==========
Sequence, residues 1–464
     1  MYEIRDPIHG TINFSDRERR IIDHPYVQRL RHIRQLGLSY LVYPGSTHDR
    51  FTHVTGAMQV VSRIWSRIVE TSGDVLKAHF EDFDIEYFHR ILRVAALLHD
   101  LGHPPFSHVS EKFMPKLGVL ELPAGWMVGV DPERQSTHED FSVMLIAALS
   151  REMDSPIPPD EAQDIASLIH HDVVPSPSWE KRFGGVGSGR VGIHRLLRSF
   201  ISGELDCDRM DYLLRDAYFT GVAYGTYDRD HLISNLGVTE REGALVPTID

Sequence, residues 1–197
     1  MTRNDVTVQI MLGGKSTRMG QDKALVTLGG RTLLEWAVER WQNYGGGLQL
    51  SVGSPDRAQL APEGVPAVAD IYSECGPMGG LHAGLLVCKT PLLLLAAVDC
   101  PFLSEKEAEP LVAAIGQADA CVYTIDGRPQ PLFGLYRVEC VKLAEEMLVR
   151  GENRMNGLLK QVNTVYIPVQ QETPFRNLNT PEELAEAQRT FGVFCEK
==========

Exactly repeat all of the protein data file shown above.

Sequence, residues 1–464
     1  MYEIRDPIHG TINFSDRERR IIDHPYVQRL RHIRQLGLSY LVYPGSTHDR
    51  FTHVTGAMQV VSRIWSRIVE TSGDVLKAHF EDFDIEYFHR ILRVAALLHD
   101  LGHPPFSHVS EKFMPKLGVL ELPAGWMVGV DPERQSTHED FSVMLIAALS
   151  REMDSPIPPD EAQDIASLIH HDVVPSPSWE KRFGGVGSGR VGIHRLLRSF
   201  ISGELDCDRM DYLLRDAYFT GVAYGTYDRD HLISNLGVTE REGALVPTID

Sequence, residues 1–197
     1  MTRNDVTVQI MLGGKSTRMG QDKALVTLGG RTLLEWAVER WQNYGGGLQL
    51  SVGSPDRAQL APEGVPAVAD IYSECGPMGG LHAGLLVCKT PLLLLAAVDC
   101  PFLSEKEAEP LVAAIGQADA CVYTIDGRPQ PLFGLYRVEC VKLAEEMLVR
   151  GENRMNGLLK QVNTVYIPVQ QETPFRNLNT PEELAEAQRT FGVFCEK